ENGLEWOOD, Colo. -- On an idyllic Friday, with the sun blaring across Colorado, the fans stretched as the players did. That's what they do before the Broncos practice.
The team gets loose with windmills, and so does the crowd. The full roster of Broncos players are in sync with their enthusiastic fans. It is a comedic choreography full of symbolism.
Much like their fans, the Denver Broncos are working as a cohesive unit already. A year after the wild chase for Peyton Manning brought unbridled joy to a rejuvenated football city, the team is simply a well-oiled machine.
High-tempo, crisp and ready to start the year like they ended the last one. Here is what I learned after spending the day in Dove Valley:
1. Look where they are starting: The way the Broncos sailed through the regular season last year, cruising to 11 straight wins while eliminating any concerns about Peyton Manning's arm, it made us all forget a little reality. Like how the team started 2-3 and were down 24 points against the Chargers, threatening to go 2-4. Some of the optimism this training camp comes from where the Broncos are starting.
When I asked coach John Fox what stands out to him thus far in the preseason, he said, "Just how much further ahead Peyton is. A year ago this time, we were trying to get him to relearn how to throw. He's way more comfortable, way more ready to play."
The feeling-out period with a new quarterback, the receivers trying to learn a complex system, an offensive line altering the way it called a game -- it was all new. And as demanding as Manning is, finding perfection wasn't easy. This year, even with a few new faces, the starting line is so much further ahead. Thus, the playing speed has accelerated. And now, as new offensive coordinator Adam Gase told me, "It's good to see that Eric (Decker) and Demaryius (Thomas) can play at the speed that they need to play at because they understand what's going on. That's great. It's good to see them be able to get to that point." The less thinking there is, the faster you can play. That's their reality.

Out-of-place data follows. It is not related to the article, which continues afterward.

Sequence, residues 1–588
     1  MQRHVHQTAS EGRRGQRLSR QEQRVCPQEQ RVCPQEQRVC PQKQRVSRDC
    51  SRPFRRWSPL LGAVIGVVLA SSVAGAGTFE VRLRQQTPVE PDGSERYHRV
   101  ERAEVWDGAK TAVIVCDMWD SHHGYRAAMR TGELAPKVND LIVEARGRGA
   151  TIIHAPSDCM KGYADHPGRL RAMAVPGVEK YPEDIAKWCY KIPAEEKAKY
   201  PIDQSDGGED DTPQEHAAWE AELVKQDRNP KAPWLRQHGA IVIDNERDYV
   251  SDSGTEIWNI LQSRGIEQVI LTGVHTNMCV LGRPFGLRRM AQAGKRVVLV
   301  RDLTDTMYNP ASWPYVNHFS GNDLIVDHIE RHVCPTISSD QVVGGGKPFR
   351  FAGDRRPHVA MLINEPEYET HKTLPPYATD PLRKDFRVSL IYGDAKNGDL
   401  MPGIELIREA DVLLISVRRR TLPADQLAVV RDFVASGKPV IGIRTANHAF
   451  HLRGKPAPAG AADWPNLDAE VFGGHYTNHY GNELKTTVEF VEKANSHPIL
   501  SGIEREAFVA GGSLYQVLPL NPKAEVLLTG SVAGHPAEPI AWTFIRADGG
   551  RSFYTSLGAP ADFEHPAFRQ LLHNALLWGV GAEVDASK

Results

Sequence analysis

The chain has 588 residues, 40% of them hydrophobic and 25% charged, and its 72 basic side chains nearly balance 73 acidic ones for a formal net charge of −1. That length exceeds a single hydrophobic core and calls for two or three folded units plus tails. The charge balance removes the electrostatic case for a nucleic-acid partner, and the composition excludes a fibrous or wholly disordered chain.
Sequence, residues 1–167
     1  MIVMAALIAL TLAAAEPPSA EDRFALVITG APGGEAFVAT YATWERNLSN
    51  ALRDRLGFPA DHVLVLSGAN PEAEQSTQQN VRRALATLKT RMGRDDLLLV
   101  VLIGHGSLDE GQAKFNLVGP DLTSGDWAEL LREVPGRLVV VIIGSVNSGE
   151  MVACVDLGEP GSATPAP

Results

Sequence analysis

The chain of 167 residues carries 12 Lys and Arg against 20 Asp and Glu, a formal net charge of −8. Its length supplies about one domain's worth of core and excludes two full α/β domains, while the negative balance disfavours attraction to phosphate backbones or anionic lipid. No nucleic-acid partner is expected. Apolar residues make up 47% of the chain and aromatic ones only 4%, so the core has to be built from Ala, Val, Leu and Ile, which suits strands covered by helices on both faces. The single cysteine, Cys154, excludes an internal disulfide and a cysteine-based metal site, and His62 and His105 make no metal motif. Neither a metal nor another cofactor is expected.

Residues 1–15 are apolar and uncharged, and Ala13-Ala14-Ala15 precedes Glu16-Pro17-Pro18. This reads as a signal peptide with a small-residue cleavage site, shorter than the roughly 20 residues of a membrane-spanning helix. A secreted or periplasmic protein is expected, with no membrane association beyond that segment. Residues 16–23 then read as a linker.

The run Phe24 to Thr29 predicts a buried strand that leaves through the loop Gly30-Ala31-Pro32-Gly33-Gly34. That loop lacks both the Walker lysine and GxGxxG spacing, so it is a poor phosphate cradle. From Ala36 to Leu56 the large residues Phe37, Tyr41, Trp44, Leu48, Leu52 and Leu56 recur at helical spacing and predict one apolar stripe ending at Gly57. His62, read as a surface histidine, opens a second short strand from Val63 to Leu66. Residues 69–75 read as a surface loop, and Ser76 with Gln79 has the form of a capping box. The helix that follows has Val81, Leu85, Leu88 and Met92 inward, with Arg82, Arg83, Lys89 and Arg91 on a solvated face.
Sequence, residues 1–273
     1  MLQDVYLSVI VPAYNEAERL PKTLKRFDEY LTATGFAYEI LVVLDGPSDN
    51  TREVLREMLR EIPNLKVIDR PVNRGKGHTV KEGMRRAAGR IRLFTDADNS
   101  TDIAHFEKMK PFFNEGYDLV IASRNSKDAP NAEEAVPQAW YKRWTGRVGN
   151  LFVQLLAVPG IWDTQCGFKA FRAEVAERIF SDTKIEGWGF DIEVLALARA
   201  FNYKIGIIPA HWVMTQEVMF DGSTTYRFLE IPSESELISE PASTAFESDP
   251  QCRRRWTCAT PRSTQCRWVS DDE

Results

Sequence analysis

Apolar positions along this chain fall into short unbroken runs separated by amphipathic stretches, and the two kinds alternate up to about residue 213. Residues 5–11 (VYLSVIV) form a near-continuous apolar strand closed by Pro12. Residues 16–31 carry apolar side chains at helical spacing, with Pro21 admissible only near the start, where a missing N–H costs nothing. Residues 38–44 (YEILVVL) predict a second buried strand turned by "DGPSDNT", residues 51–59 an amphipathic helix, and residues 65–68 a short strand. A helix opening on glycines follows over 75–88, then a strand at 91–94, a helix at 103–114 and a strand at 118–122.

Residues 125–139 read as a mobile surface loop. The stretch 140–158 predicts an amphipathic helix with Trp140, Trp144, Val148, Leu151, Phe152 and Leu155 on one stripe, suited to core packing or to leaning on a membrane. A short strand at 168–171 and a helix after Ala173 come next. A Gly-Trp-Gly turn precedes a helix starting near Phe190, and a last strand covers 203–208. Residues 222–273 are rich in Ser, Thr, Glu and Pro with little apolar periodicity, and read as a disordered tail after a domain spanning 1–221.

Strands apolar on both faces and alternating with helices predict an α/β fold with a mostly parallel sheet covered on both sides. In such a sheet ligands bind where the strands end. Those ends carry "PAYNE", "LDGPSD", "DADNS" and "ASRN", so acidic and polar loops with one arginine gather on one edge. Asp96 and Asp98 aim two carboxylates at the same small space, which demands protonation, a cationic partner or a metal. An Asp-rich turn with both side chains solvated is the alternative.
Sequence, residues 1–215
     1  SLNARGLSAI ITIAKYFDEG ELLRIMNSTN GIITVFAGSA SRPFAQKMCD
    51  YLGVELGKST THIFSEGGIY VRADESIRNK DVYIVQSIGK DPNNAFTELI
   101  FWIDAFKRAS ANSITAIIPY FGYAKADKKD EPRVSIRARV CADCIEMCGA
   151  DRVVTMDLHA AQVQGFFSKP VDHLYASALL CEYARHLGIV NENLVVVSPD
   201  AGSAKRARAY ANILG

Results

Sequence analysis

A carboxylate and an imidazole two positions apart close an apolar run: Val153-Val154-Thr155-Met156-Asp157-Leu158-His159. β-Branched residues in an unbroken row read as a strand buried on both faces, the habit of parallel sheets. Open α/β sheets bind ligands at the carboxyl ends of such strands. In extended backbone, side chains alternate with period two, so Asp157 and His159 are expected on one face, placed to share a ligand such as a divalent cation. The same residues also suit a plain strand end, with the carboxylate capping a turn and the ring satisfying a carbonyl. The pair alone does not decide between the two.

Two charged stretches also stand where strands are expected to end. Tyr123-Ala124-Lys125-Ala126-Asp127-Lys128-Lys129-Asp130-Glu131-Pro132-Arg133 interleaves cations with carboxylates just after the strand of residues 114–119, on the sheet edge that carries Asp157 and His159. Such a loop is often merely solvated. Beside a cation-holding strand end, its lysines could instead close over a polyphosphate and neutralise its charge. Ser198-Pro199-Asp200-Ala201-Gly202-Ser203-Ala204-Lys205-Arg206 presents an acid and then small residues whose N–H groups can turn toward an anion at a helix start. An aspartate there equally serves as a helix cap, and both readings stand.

2. You thought last year was up-tempo and crisp? Just wait: The biggest byproduct of a collective understanding is tempo. That's what Manning and Gase crave. Not just being able to snap it fast, but finding a rhythm for every facet of their offense. How a play is called, how it's communicated to the outside receivers, how they can all see things together, how Thomas and Decker -- and now Wes Welker -- move from check-to-check seamlessly.
"I'm telling you last year, we had some times where it's like, 'I'm not sure,'" Gase said. "(Manning) played with the same guys for a long time and with these guys, it was his first year. Now it's his second year that chemistry is there."
Case in point, the Broncos huddled much more than anyone expected to start last season. By the end, their machine didn't always require a huddle. This season, it should start clicking like it was in 2012. "Last year, we were feeling things out," Gase concluded. "If you go no-huddle and somebody's wrong, that's a problem. Now, it's more of, 'Hey, we're on the same page a lot sooner than last year.'"